Today is the Eve of Christmas Eve. I feel as though I need to reevaluate my Grinchiness. Give Christmas another shot. After all, its hard to be a Grinch when you have three days of gift opening in front of you.
When it comes to presents, it really is better to give than to receive. Especially for me. I'm picky to a fault. Chances are, I won't totally love whatever I get. I know what I want, and I recognize that I'm hard to buy for. David and I actually pick out our own presents these days. It takes some of the surprise out of it, but at least I know I'll like what I get. Although, for the record, David has always been good at buying me presents. I have about seven Fossil watches to show for it.
My kids aren't picky, because hey, they're kids. If it lights up or plays some annoying music they're bound to love it. Even if it doesn't, that's fine too. Last night Ava spent 30 minutes playing with a pitcher and part of my immersion blender. We should've saved ourselves the trouble and just got her a cardboard box for Christmas.
When it comes time to open presents, I always hate the part where its my turn and everyone is watching me. Whether I like it or not, I don't always feel like it comes across as very genuine. How many times can you say something is cute before it loses its meaning? I'm grateful for everything I have, and in reality I don't even need Christmas presents, I'd rather people just got stuff for my kids. If I need something, I can always just go buy it. Except the camera that I'd have to sell a kidney to afford. Anyone can feel free to get me that!
Not everyone in my family is always gracious about receiving gifts. Number one guilty party: my brother Josh. Josh is never unclear about his feelings toward something. If he doesn't like something, like pie, milk in his cereal, fruit of any type, trying new things, he'll let you know. He is also the loudest out of all of my siblings, which is saying something, because we're a loud family.
During one birthday celebration, a long, long time ago, Josh was all set to open presents. He got to the one from my Aunt Beth, who gives the best presents, and removed the wrapping paper. Staring right at him was a giant granola bar box. GRANOLA BARS! I HATE GRANOLA BARS! What my young and loud brother failed to realize is that things aren't always what they seem. His actual present was inside of the large granola bar box, and when he jumped to a conclusion and discarded the box he was probably throwing aside some sort of Ninja Turtle toy that he really wanted.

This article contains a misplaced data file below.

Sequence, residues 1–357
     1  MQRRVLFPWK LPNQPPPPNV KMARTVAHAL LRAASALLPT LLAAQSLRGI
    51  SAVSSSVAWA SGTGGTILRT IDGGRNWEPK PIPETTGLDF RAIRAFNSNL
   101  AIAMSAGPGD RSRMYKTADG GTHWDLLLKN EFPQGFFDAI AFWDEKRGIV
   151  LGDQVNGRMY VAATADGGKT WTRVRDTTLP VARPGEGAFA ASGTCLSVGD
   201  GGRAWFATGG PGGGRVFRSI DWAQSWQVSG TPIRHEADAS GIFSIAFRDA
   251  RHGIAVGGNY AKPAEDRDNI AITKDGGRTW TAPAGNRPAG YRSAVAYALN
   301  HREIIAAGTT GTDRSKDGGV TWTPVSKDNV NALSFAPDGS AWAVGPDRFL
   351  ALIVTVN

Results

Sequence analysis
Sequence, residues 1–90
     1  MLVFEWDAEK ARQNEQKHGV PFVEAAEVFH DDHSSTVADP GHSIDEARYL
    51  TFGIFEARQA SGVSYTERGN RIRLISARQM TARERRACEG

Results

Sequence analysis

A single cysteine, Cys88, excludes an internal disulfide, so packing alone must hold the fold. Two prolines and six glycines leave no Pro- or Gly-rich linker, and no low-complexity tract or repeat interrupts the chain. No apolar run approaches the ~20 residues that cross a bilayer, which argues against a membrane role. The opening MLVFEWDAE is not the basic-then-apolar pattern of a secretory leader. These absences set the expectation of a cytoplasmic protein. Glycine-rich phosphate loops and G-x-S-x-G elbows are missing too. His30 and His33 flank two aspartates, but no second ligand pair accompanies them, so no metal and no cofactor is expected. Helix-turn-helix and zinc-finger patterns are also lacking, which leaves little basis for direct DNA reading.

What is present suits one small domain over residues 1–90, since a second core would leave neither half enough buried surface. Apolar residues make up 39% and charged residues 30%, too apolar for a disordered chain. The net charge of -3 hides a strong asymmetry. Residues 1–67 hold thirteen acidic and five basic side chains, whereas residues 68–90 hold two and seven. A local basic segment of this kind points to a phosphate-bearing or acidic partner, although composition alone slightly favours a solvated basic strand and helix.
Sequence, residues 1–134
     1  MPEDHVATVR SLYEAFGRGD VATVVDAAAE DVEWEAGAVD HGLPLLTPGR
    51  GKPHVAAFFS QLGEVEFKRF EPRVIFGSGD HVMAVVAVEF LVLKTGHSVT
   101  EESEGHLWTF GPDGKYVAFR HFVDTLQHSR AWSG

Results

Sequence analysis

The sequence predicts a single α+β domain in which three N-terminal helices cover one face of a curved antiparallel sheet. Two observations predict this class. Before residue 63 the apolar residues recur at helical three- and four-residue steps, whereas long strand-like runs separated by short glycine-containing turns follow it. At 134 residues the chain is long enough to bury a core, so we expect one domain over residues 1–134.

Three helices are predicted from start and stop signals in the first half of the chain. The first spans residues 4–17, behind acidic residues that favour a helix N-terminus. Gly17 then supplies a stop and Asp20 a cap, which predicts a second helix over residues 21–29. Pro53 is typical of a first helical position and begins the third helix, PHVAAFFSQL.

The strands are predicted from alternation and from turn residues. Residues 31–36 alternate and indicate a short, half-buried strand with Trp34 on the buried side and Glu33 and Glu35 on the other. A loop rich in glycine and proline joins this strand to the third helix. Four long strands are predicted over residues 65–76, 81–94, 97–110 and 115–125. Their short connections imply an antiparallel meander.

In this now famous story in my family, no one can actually remember what the actual present contained. Maybe Aunt Beth knows, but no one else does. I'm sure when he actually opened the box he liked the present, but he was too busy being mad at first to open the box.
He could've taken a lesson from my youngest nephew Jayden on being gracious. Last year at Christmas, Jayden, who was three at the time, opened a gift that was mislabelled. When he opened the pink princess horse with her sparkly hair, that was actually meant for Alana, he did not complain. He looked at it with a confused look, and said Um, thanks in the most sarcastic yet confused voice he could muster. Even when he got a pink horse instead of the preferred monster truck, he was still polite. The look on his face was priceless. Once I realized he got the wrong gift and switched them out for him, he was infinitely relieved. That monster truck was a sight for sore eyes.
Imagine what playing with a pink princess horse would do to his reputation! How could he show his face around the playground? Even though he was confused and didn't know how to respond, he still said thanks.
Christmas gifts are meant as a way to show people we care about them, and even if you don't like that present, you should remember that the present was bought with love and meant for your enjoyment. And if you don't like it, you can always return it! This year when you are unwrapping your gifts, just remember Its the thought that counts. Even if that thought is that boys like pink princess horses.